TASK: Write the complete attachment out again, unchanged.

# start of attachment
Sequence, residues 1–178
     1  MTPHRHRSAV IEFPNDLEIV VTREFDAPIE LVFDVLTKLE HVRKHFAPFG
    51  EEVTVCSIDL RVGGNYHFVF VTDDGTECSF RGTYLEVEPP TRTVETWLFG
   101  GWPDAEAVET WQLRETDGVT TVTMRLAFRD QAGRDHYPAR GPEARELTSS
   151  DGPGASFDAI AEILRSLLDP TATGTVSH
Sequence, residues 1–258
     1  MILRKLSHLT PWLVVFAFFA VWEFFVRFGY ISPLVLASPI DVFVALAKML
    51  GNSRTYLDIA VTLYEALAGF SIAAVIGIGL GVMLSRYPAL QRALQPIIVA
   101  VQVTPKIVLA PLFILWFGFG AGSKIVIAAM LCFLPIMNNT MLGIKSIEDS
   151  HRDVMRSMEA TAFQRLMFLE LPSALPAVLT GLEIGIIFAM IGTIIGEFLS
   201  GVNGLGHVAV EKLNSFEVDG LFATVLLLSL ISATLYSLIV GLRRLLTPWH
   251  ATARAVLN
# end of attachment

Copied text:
Sequence, residues 1–178
     1  MTPHRHRSAV IEFPNDLEIV VTREFDAPIE LVFDVLTKLE HVRKHFAPFG
    51  EEVTVCSIDL RVGGNYHFVF VTDDGTECSF RGTYLEVEPP TRTVETWLFG
   101  GWPDAEAVET WQLRETDGVT TVTMRLAFRD QAGRDHYPAR GPEARELTSS
   151  DGPGASFDAI AEILRSLLDP TATGTVSH
Sequence, residues 1–258
     1  MILRKLSHLT PWLVVFAFFA VWEFFVRFGY ISPLVLASPI DVFVALAKML
    51  GNSRTYLDIA VTLYEALAGF SIAAVIGIGL GVMLSRYPAL QRALQPIIVA
   101  VQVTPKIVLA PLFILWFGFG AGSKIVIAAM LCFLPIMNNT MLGIKSIEDS
   151  HRDVMRSMEA TAFQRLMFLE LPSALPAVLT GLEIGIIFAM IGTIIGEFLS
   201  GVNGLGHVAV EKLNSFEVDG LFATVLLLSL ISATLYSLIV GLRRLLTPWH
   251  ATARAVLN